The Courier News from Blytheville, Arkansas on April 9, 1953 · Page 3
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The Courier News from Blytheville, Arkansas · Page 3

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Blytheville, Arkansas
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Thursday, April 9, 1953
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Page 3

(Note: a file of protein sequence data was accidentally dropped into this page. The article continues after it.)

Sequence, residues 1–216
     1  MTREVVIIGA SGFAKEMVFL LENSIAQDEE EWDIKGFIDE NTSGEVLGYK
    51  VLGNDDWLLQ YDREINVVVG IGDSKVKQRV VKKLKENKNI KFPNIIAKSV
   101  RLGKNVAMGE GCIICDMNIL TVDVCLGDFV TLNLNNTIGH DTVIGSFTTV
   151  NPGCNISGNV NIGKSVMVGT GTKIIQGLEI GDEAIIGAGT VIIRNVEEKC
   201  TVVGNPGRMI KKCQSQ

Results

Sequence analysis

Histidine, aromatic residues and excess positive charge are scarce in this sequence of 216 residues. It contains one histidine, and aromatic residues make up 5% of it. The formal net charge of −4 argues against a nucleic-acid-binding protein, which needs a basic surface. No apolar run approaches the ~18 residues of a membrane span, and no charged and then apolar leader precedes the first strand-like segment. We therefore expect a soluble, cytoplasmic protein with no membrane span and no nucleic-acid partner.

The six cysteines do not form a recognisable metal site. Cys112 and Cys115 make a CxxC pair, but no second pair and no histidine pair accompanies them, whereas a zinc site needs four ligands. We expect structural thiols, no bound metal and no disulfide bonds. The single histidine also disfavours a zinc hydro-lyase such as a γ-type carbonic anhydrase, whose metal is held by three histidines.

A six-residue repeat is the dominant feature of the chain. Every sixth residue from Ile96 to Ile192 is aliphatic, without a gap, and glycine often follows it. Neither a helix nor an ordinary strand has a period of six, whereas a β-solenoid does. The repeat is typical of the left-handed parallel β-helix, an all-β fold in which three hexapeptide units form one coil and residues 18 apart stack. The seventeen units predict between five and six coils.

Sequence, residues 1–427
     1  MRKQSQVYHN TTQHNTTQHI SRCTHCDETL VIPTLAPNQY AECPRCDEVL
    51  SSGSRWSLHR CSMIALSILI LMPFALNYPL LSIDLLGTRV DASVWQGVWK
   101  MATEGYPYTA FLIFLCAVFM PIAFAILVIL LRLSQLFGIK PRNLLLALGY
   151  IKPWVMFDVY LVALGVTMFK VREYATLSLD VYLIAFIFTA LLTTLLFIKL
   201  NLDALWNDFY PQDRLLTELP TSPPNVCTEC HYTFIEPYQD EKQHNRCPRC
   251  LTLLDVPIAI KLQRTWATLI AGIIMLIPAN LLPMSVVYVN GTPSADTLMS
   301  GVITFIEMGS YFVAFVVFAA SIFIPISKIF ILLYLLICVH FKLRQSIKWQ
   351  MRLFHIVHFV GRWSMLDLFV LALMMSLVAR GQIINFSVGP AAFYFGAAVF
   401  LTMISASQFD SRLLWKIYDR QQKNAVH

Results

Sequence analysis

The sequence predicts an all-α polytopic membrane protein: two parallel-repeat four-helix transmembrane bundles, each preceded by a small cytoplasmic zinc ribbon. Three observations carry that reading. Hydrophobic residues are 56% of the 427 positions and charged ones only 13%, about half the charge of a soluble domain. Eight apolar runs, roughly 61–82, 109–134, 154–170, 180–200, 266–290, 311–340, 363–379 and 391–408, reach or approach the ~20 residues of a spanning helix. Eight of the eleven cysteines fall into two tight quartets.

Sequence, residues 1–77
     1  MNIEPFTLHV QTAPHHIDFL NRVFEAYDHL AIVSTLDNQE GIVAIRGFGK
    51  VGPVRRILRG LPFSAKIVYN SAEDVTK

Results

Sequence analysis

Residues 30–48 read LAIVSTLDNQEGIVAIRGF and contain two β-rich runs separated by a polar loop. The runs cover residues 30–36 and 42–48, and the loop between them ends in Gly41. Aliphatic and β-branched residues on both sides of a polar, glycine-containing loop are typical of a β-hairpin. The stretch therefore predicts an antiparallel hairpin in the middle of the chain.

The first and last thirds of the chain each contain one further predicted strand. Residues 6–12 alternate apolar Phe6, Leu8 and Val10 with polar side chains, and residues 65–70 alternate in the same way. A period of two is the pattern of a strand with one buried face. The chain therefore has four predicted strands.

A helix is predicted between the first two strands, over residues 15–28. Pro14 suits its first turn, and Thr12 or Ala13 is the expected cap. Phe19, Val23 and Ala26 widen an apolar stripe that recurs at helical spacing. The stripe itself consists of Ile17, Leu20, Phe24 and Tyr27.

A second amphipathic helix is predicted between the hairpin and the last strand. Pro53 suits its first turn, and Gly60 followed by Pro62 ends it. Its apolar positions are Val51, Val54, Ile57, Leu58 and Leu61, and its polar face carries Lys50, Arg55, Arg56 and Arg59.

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THURSDAY, APRIL 9, 1953 BLYTHEVILLE (ARK.) COURIER NEWS PAGB THREB Wt'rt Giving Away Our Atom Secrets—• Reds Use Dope to Pry Facts By DOUGLAS LARSEN And DOYLE KLINE NEA Correspondents ALBUQUERQUE. N. M. — (NEA) •- There's impressive evidence that the latest Communist espionage technique — the use of narcotics — is being widely employed in this area, which contains the heart and brains' of the nation's nuclear weapons program. Albuquerque Chief of Police Paul Shaver revealed exclusively to these reporters that within a little more than a year there have been more dope cases than in all of the city's i previous history. They have involved military personnel and civilians from bases where top-secret projects are being pursued Federal officials admit only that they are aware of it. They move in swiftly, and dispose of each case confidentially. This is one facet to the bigger security situation. Gov. Edwin L. Mechem, a former FBI agent, said: "I recognize the especially difficult problem In my state occasioned by the existence here of major atomic-weapon and guided-misslle projects. And in an effort to maintain maximum security, all members of the New Mexico State Police Department are co-operating in every way with federal investigatory agencies." This means working with probably the greatest, variety and concentration of federal agents to be found any place in the U. S. They include the Central Intelligence Agency Air Force Office of Special Investigation, Office of Naval Intelligence, the Army's Intelli- i gence Office and Criminal Investi- ' gation Division. AEC's security forces. Armed Forces Special Weapons Project security men and Treasury's Secret Service and narcotics agents Yet in spile of this impressive force, vital secrets are leaking out. One asks "why?" One criticism levelled at the present setup is the lack of a central authority to coordinate security efforts. Security officials frankly admit that numerous problems arise which cut across the arbitrary boundaries created, by federal statutes under which they must operate. Unfortunately, they say, there is DO federal law which provides machinery for coordinating their efforts. Nevertheless, they agree on a common evaluation of the security problems involved: 1. The 20,000 atomic workers In the area are "walking dictionaries of restricted data." Locking up this mass of detail is the big POLICE CHIEF SHAVER: He sees more dope than ever before. headache. 2. The presence of so-called 1 "sleeper agents" of the Klaus Fuchs stripe must be considered a. constant possibility. 3. The "physical" problem entails trying to hide such things as tunnel entrances In a mountain, "classifying" roads, buildings, and placing some kind of a cloak around the myriad components of nuclear weapons whichvhave to be handled by thousands of persons. A costly, continuing education program is maintained to answer problem No. 1, Motion pictures, posters, lectures on how enemy agents operate, are poured on workers and their families. The program harps on the theme that fragments of information funnelled through the enemy's "collection agency" reveal the big secrets., For the second category, there exists a complete secret system of "'compartmentalization" and "access areas" created to keep the "sleeper agent" from learning more than a narrow segment of the program. Then there is the exhaustive background study made of each new employe. Again it must be pointed out that all of these efforts are apparently not doing the job. What is the answer? A couple of fresh approaches are offered. j Radical as it sounds, there is an undercover movement to install a' kind of alcoholic prohibition for all persons , who work in secret war plants. Advocates of this idea claim that 90 per cent of the leaks can be traced directly back to drinking. Another suggestion is to try to shorten the long "lead time" of the various programs. Nuclear tests, for GOVERNOR MECHEM: He sees an especially tough problem. instance, are in the planning stage for many months. The mere existence of these plans, in the hands of hundreds of persons, increases the hazards of security leaks. Most recommendations for security reforms deal with tightening present methods. Bernard Baruch, in his recent ap | pearance before a Seante committee, said: "All this talk about government secrecy is a lot of hokum. Foreign agents know more about our military matters than our own people. They went to the heart and center of the atomic bomb before I knew one was being made." It's a tough problem. Your national security may depend on somebody finding a solution. (Last of a Series.) KIDNEYS MUST REMOVE EXCESS WASTE Nagging backache.loss of pepandenerey. headaches and dizziness may be due to Blow- down of kidney function. Doctors Bay good kidney function is very important to Rood health. When some everyday condition,auch ns stress and strain, causes this important function to slow down, mnnyf olkssuffernag- ging backache-reel miserable. Minor bladder irritations due to cold or wrong diet may causegettingup nights orfrequentpasuages. Don't neglect your kidneys if these conditions bother you. Try Dosn's Pills-a mild diuretic. Used successfully by millions for over50 years. It's amazing how many times Doan's give happy rglief from these discom- forta-helpthelSmiles of kidney tubes and filters flush out waste. Get Doan'a Pills today! Start saving now for a large cflamond *• *fs so easy! Buy the diamond you can afford now and then when you are ready for a larger diamond, we will allow you the full purchai* pric* toward any diamond in our stock* *Wi DIAMOND 3 DIAMONDS t*k Gold Ring Ufc Gold Ri W DIAMONDS 14k Gold Ringi •OTH ONLY • Plm Fed Tax only If Indicated NOTlc EXTRA FOR EASY TERMS DREIFUS Meet Dreifus... Wear Diamonds 316 urn ii.\rv .NT. STORES IN MEMPHIS, ILTTHEVILLE AND OTERSIURfi LUXORA NEWSl By MRS. O. 0. DRIVER Cotton Carnival Visit Set A committee of Luxora businessmen concluded arrangements with an advance Memphis Cotton Carnival delegation Monday for the April 20 visit to Luxora by the Carnival King and Queen, members of their court, and other carnival dignitaries. The Luxora schools will dismiss for the goodwill tour, and the Luxora teen age king and queen, David Towles and Mae Clark, will be presented to the official court. Cotton dresses made by members of the school's Home Economics classes under the direction of Mrs. Raymond Pate wil be judged. Mayor Moses Sliman, Postmaster Sam C. Ingram, J. R. Oath- ings of the ginners, the Rev. H. L. Robison of the Ministerial Alliance, R. L. Houck of the cotton buyers, and G. C. Driver of the Luxora Rotary Club and Luxora schools comprise the arrangements committee. Seniors Entertained The Phebean Sunday School Class of the First Baptist Church was host to the Senior Class at a dinner party held in the church parlor Thursday evening. Baptist members of the class were honored, including John Thweatt, Carmel Lunsford, Iva Nell Clark, Dixie Howard, and Juanita Anderson. Special guests were Mr. O. C. Driver, class sponsor, and the Rev. J. E. Riherd, pastor, who gave the welcoming address, i?.ay Tate. class president, responded to the welcome. The guests were seated at a U- shaped banquet table overlaid with the violet and silver color scheme of class colors, and top- ped with an arrangement ol spring flowers. Guests were presented c r o i h e t e d boutonnicret and corsages. KRR Hunt Held A. B. Rozolle, Jr., entertained fifteen of his mti e friends from Luxora and Osceola Sunday afternoon wilh nn Easter Egg Hunt, held in the basement parlor of the (First Methodist. Church. Ronnie Riherd and Benny Long were awarded prizes in hunt games. Mrs. Rozelle, assisted by her daughter. Ann Ashley, served party refreshments at the conclusion of the Barnes. Personals Mario Liverani of Mexico City, Mexico, was the houseguest of Mr. and Mrs. A Liverant for several days last week. Mr. and Mrs. Ned Pardeecey, Jr., of Alexandria. La., were recent houseguests of his parents. Misses Betty Mifflin of Vanndale and Mary Faith Puckett of Conway were weekend guests of Mrs. J. I. Mifflin. Mr. and Mrs. Billy Long and family,of Michigan are visiting his parents, Mr. and Mrs. Lee Long. College students 'Spending the Easter holidays here with their parents included Harold Hill from the University of Arkansas, Miss Wade McHenry from Southwestern of Memphis, and Miss Elizabeth Hanna from Freed-Hardeman College, Tenn. Mrs. P. M. Bonds is a patient in the Memphis Baptist Hospital this week. ' Mr. and Mrs. Beonda Oaulden and son of Osceoia and Mr. and Mrs. Joe Elkins were Easter houseguests of their parents, Mr. and Mrs. Murry Richardson. Mrs. Elizabeth Silliman was hostess to her two table bridge club Wednesday afternoon. An extra table of guests from Osceola and Lux- STOP RAT DAMAGE! with d-CON I GUARANTEE d-CON ii guaranteed to detfroy rail and mic* OR your property or your money bock. "Buy Today." ora were in attendance. Mr. and Mrs. Tommy Octom and daughter of Mt, Clemens, Michigan nre visiting his mother, Mrs. £. M. Cxipm, for several days. Mr. and Mrs. R. H. Robison and son of St. Louis were weekend visitors here with his mother, Mrs. Mnry Robison, and brother, the Rev. H. L. Robison. Mr. and Mrs. L. M. Frnzier of Parkin were weekend visitors in the home of their daughter, Mrs. Raymond Pate. Mr. and Mrs, Marvin S. Wilson and family of Marianna were week- end guests of Mrs. Allle Sparm. Mrs. T. F. Hudson lias as her houseguefit this week Miss Lillian Palavitch of Chicago. Mr. and Mrs. R. L. Kersey are visiting relatives in Pocahontas this week. Mrs. Vivian Fra/ier and children of West Memphis were Sunday guests of her mother, Mrs. J. W. Lynch. Mr. and Mrs. Q, .4. McLcndon and Mr. and Mrs. Floyd Ashe and daughter left Saturday for a motor vacation trip of several days to the Carolina coastal area. so free and breezy NYLON MESH Duinty pumps, fragile-looking as lace ... but wonderfully durable and shape-relaining because they're of all-nylon mesh! Beautifully fittina, slim-heeled... unusual values at thi) price. 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